Albert Bryan Jr., Wittenberg class of 1989, is “changing the course” as the only African American governor in the nation, including states and territories, following his election to the highest office in the U.S. Virgin Islands this past January.
Bryan said he was a longshot in the race as he had never been in an election for political office before 2018. But the people spoke, and he defeated two candidates in the Democratic Party primary, six other teams in a general election, and then the incumbent gubernatorial team in a runoff to clinch the election and become the ninth governor of the U.S. Virgin Islands (population of 110,000). The accomplishment completes a lifelong goal that Bryan said he has worked on since graduating from Wittenberg.
“I have always been attracted to leadership and politics, and I could think of no more rewarding an occupation than serving the people of the U.S. Virgin Islands in the highest office in the land,” said Bryan, who was born and raised on the island of St. Thomas, but has lived on the island of St. Croix for more than 35 years. He graduated from Wittenberg with a degree in economics and earned his MBA from the University of the Virgin Islands in 2003.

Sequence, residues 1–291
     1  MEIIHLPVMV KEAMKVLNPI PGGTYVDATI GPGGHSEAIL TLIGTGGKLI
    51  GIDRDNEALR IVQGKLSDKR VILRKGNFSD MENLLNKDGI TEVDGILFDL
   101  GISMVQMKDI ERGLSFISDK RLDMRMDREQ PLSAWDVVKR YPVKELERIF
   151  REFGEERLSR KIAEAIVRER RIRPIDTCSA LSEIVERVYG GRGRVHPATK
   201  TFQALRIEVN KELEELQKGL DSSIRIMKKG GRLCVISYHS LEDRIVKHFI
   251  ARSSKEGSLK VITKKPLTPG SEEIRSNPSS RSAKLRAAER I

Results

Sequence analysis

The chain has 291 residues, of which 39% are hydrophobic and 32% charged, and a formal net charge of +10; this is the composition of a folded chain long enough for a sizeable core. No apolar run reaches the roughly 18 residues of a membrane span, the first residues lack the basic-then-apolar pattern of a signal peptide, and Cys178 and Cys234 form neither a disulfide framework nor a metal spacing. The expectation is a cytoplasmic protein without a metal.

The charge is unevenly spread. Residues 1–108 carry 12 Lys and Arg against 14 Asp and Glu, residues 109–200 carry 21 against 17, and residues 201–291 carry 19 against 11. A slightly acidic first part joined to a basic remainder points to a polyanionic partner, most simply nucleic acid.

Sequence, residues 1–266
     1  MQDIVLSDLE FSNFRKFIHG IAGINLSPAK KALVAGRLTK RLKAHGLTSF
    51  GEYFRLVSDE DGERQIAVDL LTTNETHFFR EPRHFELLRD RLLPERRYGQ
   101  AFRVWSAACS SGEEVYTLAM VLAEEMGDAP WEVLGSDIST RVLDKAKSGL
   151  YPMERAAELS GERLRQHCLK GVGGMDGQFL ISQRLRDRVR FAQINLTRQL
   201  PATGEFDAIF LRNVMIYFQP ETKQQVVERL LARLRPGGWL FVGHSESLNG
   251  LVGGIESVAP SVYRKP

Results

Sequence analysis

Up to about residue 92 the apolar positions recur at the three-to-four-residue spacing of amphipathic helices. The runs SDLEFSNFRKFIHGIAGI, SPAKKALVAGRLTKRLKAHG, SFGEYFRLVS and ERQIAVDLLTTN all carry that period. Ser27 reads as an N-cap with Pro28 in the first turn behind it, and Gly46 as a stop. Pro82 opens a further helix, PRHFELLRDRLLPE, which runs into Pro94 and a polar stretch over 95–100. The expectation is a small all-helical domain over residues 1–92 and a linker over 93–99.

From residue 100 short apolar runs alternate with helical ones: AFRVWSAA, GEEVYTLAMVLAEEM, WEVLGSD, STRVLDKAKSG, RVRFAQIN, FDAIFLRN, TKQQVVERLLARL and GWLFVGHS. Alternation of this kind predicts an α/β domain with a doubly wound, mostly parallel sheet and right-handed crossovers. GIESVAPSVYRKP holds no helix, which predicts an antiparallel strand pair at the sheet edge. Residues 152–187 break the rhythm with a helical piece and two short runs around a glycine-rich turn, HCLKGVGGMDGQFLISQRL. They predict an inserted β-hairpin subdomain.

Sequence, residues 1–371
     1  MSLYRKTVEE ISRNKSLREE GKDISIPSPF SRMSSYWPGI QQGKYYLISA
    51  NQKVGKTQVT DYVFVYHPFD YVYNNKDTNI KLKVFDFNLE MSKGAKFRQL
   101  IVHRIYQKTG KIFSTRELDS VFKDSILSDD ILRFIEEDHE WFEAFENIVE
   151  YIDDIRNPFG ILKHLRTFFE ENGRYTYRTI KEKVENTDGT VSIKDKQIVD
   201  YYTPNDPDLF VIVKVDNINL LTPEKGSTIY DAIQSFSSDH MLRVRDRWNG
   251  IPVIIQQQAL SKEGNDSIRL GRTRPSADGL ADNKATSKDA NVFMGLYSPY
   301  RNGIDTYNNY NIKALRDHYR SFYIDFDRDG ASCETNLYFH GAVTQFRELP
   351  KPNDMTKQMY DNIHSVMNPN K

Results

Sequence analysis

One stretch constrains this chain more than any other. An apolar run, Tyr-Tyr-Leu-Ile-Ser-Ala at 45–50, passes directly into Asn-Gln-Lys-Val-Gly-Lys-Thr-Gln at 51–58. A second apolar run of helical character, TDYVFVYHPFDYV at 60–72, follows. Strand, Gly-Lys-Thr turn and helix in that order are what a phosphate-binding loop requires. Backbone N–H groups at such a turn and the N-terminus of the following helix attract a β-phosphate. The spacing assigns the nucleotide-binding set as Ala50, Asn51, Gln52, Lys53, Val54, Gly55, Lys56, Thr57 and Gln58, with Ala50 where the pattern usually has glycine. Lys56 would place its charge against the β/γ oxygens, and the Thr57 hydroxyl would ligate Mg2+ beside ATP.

“With the magic of social media and a remarkable campaign team, we succeeded. The three elections were hard-fought, but the indisputable determination of the team and especially that of our tireless campaign volunteers allowed us to set election precedents in several ways,” he added. “There has never been a candidate in the U.S. Virgin Islands that has won any single district by as large a margin, securing over 75 percent of the total vote. Our campaign slogan was ‘change course now’ and that’s what we really push to do every day. We want to see responsible fiscal management, real vision toward the future, and a steady improvement in the quality of life for our residents. Wherever life leads me, the welfare of the Virgin Islands will always be in my heart.”